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Nato to adopt new cyber defence policy

Warwick Ashford

Nato leaders are expected to accept that there is no distinction between cyber attack and physical attack at the organisation’s 2014 summit in Wales this week.

The endorsement of an enhanced Nato cyber defence policy is expected to be one of the main outcomes of the two-day meeting in Newport.

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The update of the 2011 policy to keep pace with technology developments includes changing Nato’s mission of collective defence with respect to cyber attacks.

“The new cyber policy has already been endorsed by Nato’s 28 member countries, and I have no doubt the heads of state and government will do the same,” said Jamie Shea, Nato deputy assistant secretary general for emerging security challenges.

“For the first time we are making an explicit link in this policy between cyber attacks at a certain threshold and the invocation of a Nato article 5 collective defence as part of the treaty,” he told Computer Weekly.

Article 5 of the North Atlantic treaty requires member states to come to the aid of any member state subject to an armed attack, which includes cyber attack in the new cyber defence policy.

But at what threshold collective defence will be triggered, and how this threshold will be measured, will remain secret as a form of deterrent.

“We are keeping that ambiguous so a potential aggressor does not get the idea they can carry out cyber attacks up to a certain level with impunity,” said Shea.

This recognises that some cyber attacks could have the same level of disruption on Nato countries and economies as conventional warfare.

Shea outlined this and other aspects of Nato’s proposed cyber defence policy at pre-Nato conference hosted by the University of Cardiff.

The Nato after the Wales Summit conference brought together academics, government, defence and cyber security experts from around the world to debate how to prepare Nato for its role in the future.

Another key element of the enhanced cyber policy is to expand Nato’s cyber defence capabilities beyond the organisation itself to provide assistance to individual member countries.

“If Nato is to become a coherent cyber community, we have to narrow the differences between the cyber defence capabilities of the member counties,” said Shea.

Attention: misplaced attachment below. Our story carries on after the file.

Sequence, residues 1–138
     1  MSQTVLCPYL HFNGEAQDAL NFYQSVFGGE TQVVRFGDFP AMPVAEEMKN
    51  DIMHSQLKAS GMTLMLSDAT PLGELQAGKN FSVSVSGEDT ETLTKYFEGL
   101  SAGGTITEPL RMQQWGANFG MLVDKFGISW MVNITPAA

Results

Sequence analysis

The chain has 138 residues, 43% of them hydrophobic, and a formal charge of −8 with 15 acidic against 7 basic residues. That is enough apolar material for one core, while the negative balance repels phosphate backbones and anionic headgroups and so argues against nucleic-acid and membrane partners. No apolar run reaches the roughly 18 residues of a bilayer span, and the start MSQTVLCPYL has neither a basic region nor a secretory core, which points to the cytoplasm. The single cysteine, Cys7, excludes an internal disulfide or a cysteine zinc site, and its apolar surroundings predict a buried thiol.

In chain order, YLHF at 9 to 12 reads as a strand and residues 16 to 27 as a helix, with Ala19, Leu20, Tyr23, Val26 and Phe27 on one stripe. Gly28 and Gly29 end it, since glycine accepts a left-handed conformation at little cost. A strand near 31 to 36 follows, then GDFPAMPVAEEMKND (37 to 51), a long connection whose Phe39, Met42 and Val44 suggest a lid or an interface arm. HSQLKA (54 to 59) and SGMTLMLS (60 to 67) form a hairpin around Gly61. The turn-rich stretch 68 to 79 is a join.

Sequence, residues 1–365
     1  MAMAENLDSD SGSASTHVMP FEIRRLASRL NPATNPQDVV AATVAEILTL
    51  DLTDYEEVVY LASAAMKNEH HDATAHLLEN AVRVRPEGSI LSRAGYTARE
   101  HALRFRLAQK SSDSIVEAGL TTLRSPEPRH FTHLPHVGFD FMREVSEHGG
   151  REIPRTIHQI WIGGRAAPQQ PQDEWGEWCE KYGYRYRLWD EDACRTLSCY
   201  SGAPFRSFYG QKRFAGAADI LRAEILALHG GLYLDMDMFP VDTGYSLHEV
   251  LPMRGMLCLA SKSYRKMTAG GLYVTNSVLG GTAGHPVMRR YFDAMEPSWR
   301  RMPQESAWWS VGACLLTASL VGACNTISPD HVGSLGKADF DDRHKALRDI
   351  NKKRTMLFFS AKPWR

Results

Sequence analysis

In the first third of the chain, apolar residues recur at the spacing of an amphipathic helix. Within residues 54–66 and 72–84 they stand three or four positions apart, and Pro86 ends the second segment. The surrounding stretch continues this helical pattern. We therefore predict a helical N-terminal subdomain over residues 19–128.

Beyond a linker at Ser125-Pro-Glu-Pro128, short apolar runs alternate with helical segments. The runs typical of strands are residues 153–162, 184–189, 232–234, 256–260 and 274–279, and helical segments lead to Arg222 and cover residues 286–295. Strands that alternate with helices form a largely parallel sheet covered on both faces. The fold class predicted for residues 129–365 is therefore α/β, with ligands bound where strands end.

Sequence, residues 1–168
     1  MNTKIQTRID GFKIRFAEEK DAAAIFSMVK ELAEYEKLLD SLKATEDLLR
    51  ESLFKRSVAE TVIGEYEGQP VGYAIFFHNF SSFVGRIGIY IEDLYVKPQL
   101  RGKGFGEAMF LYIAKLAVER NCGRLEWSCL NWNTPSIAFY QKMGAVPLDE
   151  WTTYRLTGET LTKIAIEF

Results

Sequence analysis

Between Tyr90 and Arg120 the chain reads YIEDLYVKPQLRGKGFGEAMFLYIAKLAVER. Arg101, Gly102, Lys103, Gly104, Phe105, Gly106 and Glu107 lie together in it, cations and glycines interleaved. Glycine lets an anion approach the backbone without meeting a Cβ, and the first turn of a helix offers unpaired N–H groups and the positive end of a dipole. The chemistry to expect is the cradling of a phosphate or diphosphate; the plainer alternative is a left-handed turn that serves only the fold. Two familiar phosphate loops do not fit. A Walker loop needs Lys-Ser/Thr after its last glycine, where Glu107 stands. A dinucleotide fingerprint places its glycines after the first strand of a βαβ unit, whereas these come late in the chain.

Nato has agreed a series of actions that can be taken in the form of assistance to allies, he said, including training, education, exercises, malware intelligence sharing, early warning, and incident response.

To ensure this goal can be reached, Nato has used its defence planning process to get each ally to achieve specific cyber defence commitments by a certain date.

These commitments include actions such as putting in place the basics of a coherent cyber defence strategy, establishing a national computer emergency response team and building forensics capabilities.

To narrow the differences and create a community of trust, Nato had to construct a fundamental political agreement in which countries with cyber defence capabilities will make them available to allies in return for those countries upgrading their capabilities to a certain standard, Shea told pre-summit conference.

“Nato is not trying to become a substitute for a lack of national efforts, so it is offering help, but with the pre-requisite that all members make basic national efforts to upgrade their systems,” he said.

The third key element of the enhanced Nato cyber defence policy is multi-national co-operation in cyber defence, which includes the concept of “smart defence” through pooling and sharing capabilities.

Nato already has three cyber “smart defence” projects, involving 20 member countries. The first is looking at decision making in a crisis, the second is a training and education programme, and the third is a malware-sharing platform.

“This is aimed at enabling countries with a lot of cyber attack information to share it with other allies by breaking the information down into standardised, anonymised and actionable packages,” said Shea.

The multi-national co-operation element will also include a focus on industry through setting up a Nato cyber industry partnership (Ncip).

This Ncip will attempt to replicate at a Nato national level the private-public partnerships in member countries such as the UK’s cyber security information sharing partnership (Cisp).

The Ncip, which the UK is actively supporting, will enable Nato to work with industry on things like supply chain management, risk assessment, information assurance, and early warning best practices.

At Nato’s annual information assurance symposium later this month, the organisation plans to meet industry representatives to discuss the proposed Ncip to gauge their interest.

“We will discuss things like what benefits they would expect from the Ncip, what things could be shared, ways of building trust, and what level we can work with each other,” said Shea.

Finally, he said, the enhanced cyber defence policy factors cyber attack scenarios much more heavily into Nato’s military operational planning.

This means that all future Nato military exercises will involve a cyber component and look at the challenges of running military operations in a degraded cyber operating environment.


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